Analysis of thymic DCs.

DCs were isolated as published (Feyerabend et al., 2009). In brief, thymi were minced with scissors into small pieces and digested in 1 ml PBS containing 0.2 mg/ml Collagenase D (Roche), 0.1 mg/ml Dispase I (Roche), and 25 mg/ml DNase I (Sigma-Aldrich) for 10 min at 37°C while shaking in a thermomixer at 800 rpm. The supernatant containing released cells was collected, and enzymatic activities were inhibited by adding an equal volume of PBS containing 5% FCS and 5 mM EDTA. Additional cells were collected by four to five rounds of repeated tissue digestion and harvest. Pooled cells were counted, and three million cells were stained with a mixture of biotinylated antibodies directed against CD3 (500A2), CD4 (GK1.5), CD19 (1D3), TER119, and CD49b (DX5) and the following DC-specific antibodies: anti–CD11c-APC-Cy7 (N418), anti–CD11b-PE-Cy7, anti–MHC class II–APC (M5/114.15.2), anti–B220-PE-Cy5.5 (RA3-6B2), and anti–PDCA1-FITC (eBio-927). Cells stained with biotinylated antibodies were revealed by secondary staining with Streptavidin–eFluor 450 and electronically excluded. DC subsets were identified within the eFluor 450–negative cell fraction as CD11c+MHC class IIhighB220CD11b lymphoid DCs (lyDCs), CD11c+MHC class IIhighB220CD11b+ myeloid DCs (myDCs) and CD11c+MHC class IIlowB220+PDCA1+ plasmacytoid DCs according to reported surface phenotypes (Colonna et al., 2004; Wu and Shortman, 2005). The designation lyDC or myDC originally referred to the suggested origin of these DC populations from lymphoid or myeloid pathways, respectively. LyDCs are also named CD8+ and myDCs CD8 conventional DCs (Shortman and Heath, 2010).

Analysis of DETCs.

DETCs were isolated from mouse ears, which were minced with scissors into small pieces and digested in 1 ml protease solution (200 mg/ml Collagenase D1, 2 mg/ml Dispase I, and 5 mg/ml DNase I in PBS) for 15 min at 37°C while shaking in a thermomixer at 800 rpm. Supernatant containing released cells was harvested and kept on ice. Remaining tissue was subject to a second round of digestion with fresh protease solution, again for 15 min at 37°C while shaking at 800 rpm. Supernatants of successive digests were pooled and adjusted to 5 mM EDTA to antagonize cell aggregation. After a 5-min incubation period on ice, cells were passed through a 70-µm filter, washed once, and resuspended in staining buffer. Cells were stained with antibodies specific for CD45 (30-F11), CD3 (145-2C11), and Vγ5 (F536).

Analysis of thymic B cells.

To enrich for thymic B cells, total thymocytes were stained with biotinylated rat antibodies against CD4 (GK1.5) and CD8 (53-6.7) and depleted using anti–rat IgG-conjugated magnetic Dynabeads (Invitrogen) according to the manufacturer’s instruction. Remaining cells were stained with Streptavidin–APC-Cy7 (BD), anti–CD19-FITC (1D3), and anti-IgM (1B4B1) antibodies. Mature thymic B cells were identified in the pregated APC-Cy7–negative population as CD19+IgM+ cells.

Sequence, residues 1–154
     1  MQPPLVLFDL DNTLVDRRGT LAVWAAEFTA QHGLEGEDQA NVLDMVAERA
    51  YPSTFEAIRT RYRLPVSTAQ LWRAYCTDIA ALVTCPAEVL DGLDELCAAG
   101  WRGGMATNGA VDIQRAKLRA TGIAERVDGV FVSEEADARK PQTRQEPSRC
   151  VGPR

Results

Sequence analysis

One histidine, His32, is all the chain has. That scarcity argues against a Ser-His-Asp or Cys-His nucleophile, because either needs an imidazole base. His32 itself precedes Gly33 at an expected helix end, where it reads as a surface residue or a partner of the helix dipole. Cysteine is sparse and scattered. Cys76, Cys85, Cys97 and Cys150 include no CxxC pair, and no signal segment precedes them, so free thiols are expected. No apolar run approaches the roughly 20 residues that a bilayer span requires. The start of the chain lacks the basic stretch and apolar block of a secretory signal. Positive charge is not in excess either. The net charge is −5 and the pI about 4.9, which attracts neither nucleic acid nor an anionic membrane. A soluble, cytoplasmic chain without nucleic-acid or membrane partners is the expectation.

Analysis of DN thymocytes.

To enrich for most immature thymocyte populations, total thymocytes were stained with a mixture of biotinylated antibodies directed against CD3ε (500A2), CD8α (53-6.7), CD11b (M1/70), CD19 (1D3), NK1.1 (PK136), Gr1 (RB6-8C5), TCRβ (H57-597), TCRγδ (GL3), TER119, CD11c (HL3), and B220 (RA-6B2), followed by depletion with Dynabeads according to the manufacturer’s instruction. Remaining cells were stained with directly conjugated antibodies against relevant surface molecules and always with a second anti-CD3ε–specific antibody (145-2C11) as well as with Streptavidin-QDot605 to facilitate gating on the Lin population and to permit electronic exclusion of remaining Lin+ cells.

Analysis of Lin BM cells.

To enrich for Lin progenitor populations, BM cells were stained with a mixture of biotinylated antibodies directed against CD3ε (500A2), CD8α (53-6.7), CD11b (M1/70), CD19 (1D3), NK1.1 (PK136), GR1 (RB6-8C5), TCRβ (H57-597), TCRγδ (GL3), TER119, and CD11c (HL3), followed by depletion with Dynabeads according to the manufacturer’s instruction. Antibodies against CD4 and B220 were deliberately omitted from the lineage mix as relevant precursor populations, like the CLP-2, have been reported to express these surface markers (Martin et al., 2003). Remaining cells were stained with a mixture of directly labeled antibodies against relevant surface molecules, Strepavidin-QDot605, and a second anti-CD3ε antibody (145-2C11) conjugated to APC or APC-Cy7. Streptavidin-QDot605 and the additional anti-CD3ε antibody were used to rigorously exclude Lin+ cells, in particular mature T cells, and to facilitate electronic gating on the Lin population.

Analysis of progenitors in peripheral blood.

Peripheral blood was drawn from tail veins into EDTA-containing microtubes (Sarstedt). Blood from several mice was pooled, diluted 1:1 with PBS, and carefully underlaid with Ficoll-Paque Plus (GE Healthcare) at a ratio of 3:1 (vol/vol). Samples were centrifuged in a swing-out bucket for 30 min at 20°C. The buffy coat layer was collected and transferred into 10 ml of staining buffer. Cells were pelleted by centrifugation, resuspended in staining buffer, and counted, excluding dead cells with Trypan Blue. Cells were stained with a mixture of biotinylated antibodies directed against the lineage markers CD3 (500A2), CD8α (53-6.7), CD11b (M1/70), CD19 (1D3), NK1.1 (PK136), GR1 (RB6-8C5), TCRβ (H57-597), TCRγδ (GL3), TER119, and CD11c (HL3) and directly labeled antibodies against specific cell surface molecules. Lin+ cells were revealed by secondary staining with Streptavidin-QDot605 and electronically excluded. To rigorously exclude reporter-positive T cells and to facilitate electronic gating on Lin cells, a second anti-CD3 antibody (145-2C11) conjugated to APC was included in each staining. Antibodies against CD4 and B220 were deliberately omitted from the lineage mix.

Adoptive cell transfer into Il-7Rα−/− recipients (competitive complementation transfer assay).